Urgent Action Update: “Natural Security” Trials End in Life Sentences (Oman: UA 121.18)

Oman sentenced six defendants to life imprisonment for “infringement of the country’s independence or unity or the sanctity of its territory” after grossly unfair trials. The charges were based on the six men’s online browsing habits in relation to Oman’s Musandam province and the Shuhuh tribe that lives there. Following the trials, credible allegations of torture emerged. However, the verdicts were summarily upheld by an appeals court. No further appeals are possible.



The six defendants are members of the Shuhuh tribe. Four are from Musandam province in Oman and two from across the border in the UAE. All received life sentences in verdicts issued between 27 August and 5 November 2018.

The convictions were based on Article 125 of the Penal Code, which mandates life imprisonment or execution of “anyone intentionally committing an act which leads to the infringement of the country’s independence or unity or the sanctity of its territory,” and Article 19 of the Law on Combating Information Technology Crimes, which criminalizes publication (or even possession) of Internet material “infringing on religious values or public order.” Among the allegations raised against the defendant Mohammed Abdullah al-Shahi was that he had attempted to communicate with international organizations, including Amnesty International, about the situation in Musandam.

Other prisoners reported that the defendants were coerced into giving “confessions” via methods of abuse including subjection to stress positions for periods of three to six days in a row and different forms of sensory assault (sleep deprivation and extended exposure to blinding lights, complete darkness, and/or loud noises). Some of the defendants are said to have had difficulty walking afterwards; one reportedly had to be transferred to a police hospital for treatment.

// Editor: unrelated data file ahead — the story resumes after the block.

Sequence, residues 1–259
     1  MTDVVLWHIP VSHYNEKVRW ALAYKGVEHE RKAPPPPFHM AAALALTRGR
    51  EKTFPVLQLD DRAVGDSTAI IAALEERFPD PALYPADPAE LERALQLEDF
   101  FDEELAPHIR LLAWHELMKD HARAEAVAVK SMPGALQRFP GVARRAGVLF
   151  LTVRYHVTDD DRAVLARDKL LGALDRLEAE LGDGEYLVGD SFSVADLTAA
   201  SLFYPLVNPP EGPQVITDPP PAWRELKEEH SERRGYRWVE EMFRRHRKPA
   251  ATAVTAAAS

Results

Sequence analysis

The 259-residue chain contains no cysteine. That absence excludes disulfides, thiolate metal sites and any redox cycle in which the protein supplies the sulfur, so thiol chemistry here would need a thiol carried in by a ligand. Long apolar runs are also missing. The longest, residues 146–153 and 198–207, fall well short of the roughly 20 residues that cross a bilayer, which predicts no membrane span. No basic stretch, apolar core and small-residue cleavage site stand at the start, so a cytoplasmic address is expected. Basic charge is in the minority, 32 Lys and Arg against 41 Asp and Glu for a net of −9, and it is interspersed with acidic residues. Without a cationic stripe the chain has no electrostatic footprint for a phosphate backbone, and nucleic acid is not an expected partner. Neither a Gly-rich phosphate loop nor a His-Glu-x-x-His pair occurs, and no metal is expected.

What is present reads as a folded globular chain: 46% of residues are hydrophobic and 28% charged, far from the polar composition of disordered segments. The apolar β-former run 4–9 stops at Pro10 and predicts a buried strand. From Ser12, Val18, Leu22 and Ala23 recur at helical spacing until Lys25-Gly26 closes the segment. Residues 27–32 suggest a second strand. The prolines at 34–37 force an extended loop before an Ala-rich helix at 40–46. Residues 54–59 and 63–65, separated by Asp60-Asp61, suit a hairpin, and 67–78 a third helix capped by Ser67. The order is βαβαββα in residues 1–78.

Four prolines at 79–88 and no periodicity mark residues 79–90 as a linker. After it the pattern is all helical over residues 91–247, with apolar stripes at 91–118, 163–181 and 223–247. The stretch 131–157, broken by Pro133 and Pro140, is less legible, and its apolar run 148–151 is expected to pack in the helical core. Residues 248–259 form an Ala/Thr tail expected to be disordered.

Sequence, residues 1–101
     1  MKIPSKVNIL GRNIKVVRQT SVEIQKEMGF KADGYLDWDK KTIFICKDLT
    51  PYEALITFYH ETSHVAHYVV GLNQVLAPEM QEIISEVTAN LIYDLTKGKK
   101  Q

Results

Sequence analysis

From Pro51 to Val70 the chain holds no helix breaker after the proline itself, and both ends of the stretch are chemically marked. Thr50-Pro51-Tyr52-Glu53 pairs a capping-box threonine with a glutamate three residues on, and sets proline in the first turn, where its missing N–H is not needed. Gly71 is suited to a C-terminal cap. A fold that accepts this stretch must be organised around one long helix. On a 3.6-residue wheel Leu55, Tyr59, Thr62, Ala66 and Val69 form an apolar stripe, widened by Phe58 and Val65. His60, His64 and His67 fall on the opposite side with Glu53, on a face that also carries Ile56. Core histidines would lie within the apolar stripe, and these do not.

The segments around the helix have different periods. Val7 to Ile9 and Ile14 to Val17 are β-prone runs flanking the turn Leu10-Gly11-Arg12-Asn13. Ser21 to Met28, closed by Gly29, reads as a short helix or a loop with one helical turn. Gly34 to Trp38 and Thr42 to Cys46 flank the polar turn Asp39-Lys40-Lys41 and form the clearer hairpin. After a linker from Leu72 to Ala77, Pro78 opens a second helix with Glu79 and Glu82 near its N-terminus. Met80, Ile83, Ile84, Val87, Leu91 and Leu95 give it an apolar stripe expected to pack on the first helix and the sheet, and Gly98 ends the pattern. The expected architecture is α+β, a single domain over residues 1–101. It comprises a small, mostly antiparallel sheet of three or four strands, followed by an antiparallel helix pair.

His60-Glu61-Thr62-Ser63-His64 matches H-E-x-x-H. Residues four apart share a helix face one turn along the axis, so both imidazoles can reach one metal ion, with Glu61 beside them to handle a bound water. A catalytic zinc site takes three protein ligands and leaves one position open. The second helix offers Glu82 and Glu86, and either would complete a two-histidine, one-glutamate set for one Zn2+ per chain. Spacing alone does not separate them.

Following sentencing the defendants were transferred to Samail prison, in the mountains west of Muscat. Conditions there are poor. Appropriate meals are not provided for inmates with diabetes; prisoners receive one worn uniform per year; and prisoners with illnesses do not receive their prescribed medications but are restricted to the limited dispensary kept on stock at Samail. Rashed Saeed al-Shahi, Mohammed Abdullah al-Shahi, and Mohammed Sulaiman al-Shahi were all held in solitary confinement for several weeks, and are now in a cellblock containing around 220 prisoners. All six prisoners were prevented from communicating with their families for three weeks in January.

All the defendants appealed their sentences, but the court summarily rejected all six appeals on 29 January 2019. No substantive court sessions were held, and no one affected was informed of the decision; the attorney found out weeks later when he went to inquire on the status of the case. No further appeal is possible.

Amnesty International members sent letters to Omani authorities protesting the prisoners’ treatment, and the International Secretariat has formally raised the case with Oman Human Rights Commission. Amnesty International will continue to monitor the case and advocate for the prisoners’ release.